For 18 months, Hypnotic stuck to the contract “because it needed Richbenzwan,” Zwanikken said. But on November 3, 2011, Hypnotic obtained its own exploitation permit for a brothel thereby weakening Richbenzwan’s negotiating position. In a letter dated October 31, 2012, Justice Minister Duncan confirmed that Hypnotic had obtained this permit,

“The incompatible conflict of interest and the abuse of power Duncan is apparently guilty of has damages the interests of Richbenzwan and benefited those of his Hypnotic,” Zwanikken stated to the court. Duncan gave Hypnotic a permit for 25 prostitutes and he also interfered as a minister in a dispute between Hypnotic and Richbenzwan.

In June 2012, Hypnotic started rebelling against its contract by paying Richbenzwan during six months only $5,000 instead of the contractual $18,000. Hypnotic lost a court case about the dispute on November 13, 2012.

Payments restarted after the court ruling, but they stopped again in June 2013. Richbenzwan held the actual managers of Hypnotic – Carti, Duncan, D&B Management and the Duncan Pension Fund) – personally liable in a lawsuit. That worked: “suddenly Duncan and Carti were eagerly prepared to find an arrangement.”

Under the settlement agreement, Hypnotic would buy out of the contract against payment of $575,000. Its arrears amounted to $1.8 million, so Richbenzwan gave up $1.2 million.

Hypnotic was to provide a guarantee for these payments through a mortgage construction and when that proved impossible, parties agreed on a notarial deed that would enable Richbenzwan to put a lien on the assets of JMC. Up to now, that deed has not been signed by JMC, and Hypnotic stopped paying its monthly installments of $15,000 in February.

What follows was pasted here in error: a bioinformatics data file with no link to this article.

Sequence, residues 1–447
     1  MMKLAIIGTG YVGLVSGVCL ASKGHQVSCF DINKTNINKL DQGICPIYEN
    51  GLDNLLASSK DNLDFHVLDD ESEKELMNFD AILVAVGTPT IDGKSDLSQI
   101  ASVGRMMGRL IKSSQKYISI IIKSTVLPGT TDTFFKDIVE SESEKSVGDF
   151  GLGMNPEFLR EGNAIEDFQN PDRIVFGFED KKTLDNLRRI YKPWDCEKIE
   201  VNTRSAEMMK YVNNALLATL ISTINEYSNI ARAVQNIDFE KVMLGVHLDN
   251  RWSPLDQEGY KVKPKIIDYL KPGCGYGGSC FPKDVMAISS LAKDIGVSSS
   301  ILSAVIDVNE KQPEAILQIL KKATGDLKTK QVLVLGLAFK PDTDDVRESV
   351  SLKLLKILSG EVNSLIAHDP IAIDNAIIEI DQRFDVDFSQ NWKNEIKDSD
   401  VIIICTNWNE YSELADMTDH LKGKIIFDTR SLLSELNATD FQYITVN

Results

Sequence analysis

Richbenzwan asked the court to order Hypnotic to pay an advance of $45,000 on its claim that amounts with the inclusion of $500,000 in penalties to $775,000.

Duncan objected in his plea against the attempt by his opponents to drag him personally into the dispute. “D&B Management and Collection Services and the Foundation Duncan Pension Fund are no longer directors of Hypnotic or JMC. I have never been personally director or manager of Hypnotic or JMC.”

The attorney furthermore dismissed the allegation of an incompatible conflict of interest. “Duncan’s function as minister has nothing to do with Hypnotic, JMC or Richbenzwan. How I abused my power and damaged the interests of Richbenzwan has not been substantiated either. It is only slander, mainly caused by Richbenzwan and its shareholders.”

Duncan furthermore dismissed that he had anything to do with the permit for Hypnotic, saying that the company had already requested it from the Executive Council in 2009.

That Hypnotic attempted to get out of the contract, Duncan said, is not because of its permits, “but because of consistent operational losses that have been explained extensively and in vain to Richbenzwan.”

He repeated that all references to his person are irrelevant in the case at hand. The attorney said that Joan Peterson, the director of Hypnotic, is not liable for the debt of Hypnotic.

Duncan furthermore accused Richbenzwan of “serious abuse of litigation, harassment and slanderous imputation.” The statements made about Duncan “only serve to make him look bad,” the attorney said.

Getting to the meat of the matter, Duncan referred to the change in the government’s prostitution policy whereby it no longer grants permits for prostitutes to the clubs. Based on an article in the contract, Duncan said, Hypnotic could end it if the government changes the prostitution policy.

“The permits to operate a brothel are no longer valid or are not acknowledged by the government and the girls are no longer admitted since December 2015. The defendants are no longer able to operate their company properly.”

Duncan asked the court to mitigate the monthly payments to $5,000.

The court pronounces its verdict on April 29.